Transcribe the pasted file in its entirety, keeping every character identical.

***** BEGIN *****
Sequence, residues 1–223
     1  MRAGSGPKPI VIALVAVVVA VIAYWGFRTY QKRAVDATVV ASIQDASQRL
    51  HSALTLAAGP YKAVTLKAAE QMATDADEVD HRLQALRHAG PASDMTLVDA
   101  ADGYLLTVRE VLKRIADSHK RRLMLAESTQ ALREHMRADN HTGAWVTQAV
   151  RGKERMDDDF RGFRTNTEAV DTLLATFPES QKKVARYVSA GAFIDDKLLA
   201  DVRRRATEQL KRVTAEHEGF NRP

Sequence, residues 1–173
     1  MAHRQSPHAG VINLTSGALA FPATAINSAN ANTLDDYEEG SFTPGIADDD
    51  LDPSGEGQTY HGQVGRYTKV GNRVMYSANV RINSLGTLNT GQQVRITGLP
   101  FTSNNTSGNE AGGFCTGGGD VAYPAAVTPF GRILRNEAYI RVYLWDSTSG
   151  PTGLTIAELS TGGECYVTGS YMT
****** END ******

Sequence, residues 1–223
     1  MRAGSGPKPI VIALVAVVVA VIAYWGFRTY QKRAVDATVV ASIQDASQRL
    51  HSALTLAAGP YKAVTLKAAE QMATDADEVD HRLQALRHAG PASDMTLVDA
   101  ADGYLLTVRE VLKRIADSHK RRLMLAESTQ ALREHMRADN HTGAWVTQAV
   151  RGKERMDDDF RGFRTNTEAV DTLLATFPES QKKVARYVSA GAFIDDKLLA
   201  DVRRRATEQL KRVTAEHEGF NRP

Sequence, residues 1–173
     1  MAHRQSPHAG VINLTSGALA FPATAINSAN ANTLDDYEEG SFTPGIADDD
    51  LDPSGEGQTY HGQVGRYTKV GNRVMYSANV RINSLGTLNT GQQVRITGLP
   101  FTSNNTSGNE AGGFCTGGGD VAYPAAVTPF GRILRNEAYI RVYLWDSTSG
   151  PTGLTIAELS TGGECYVTGS YMT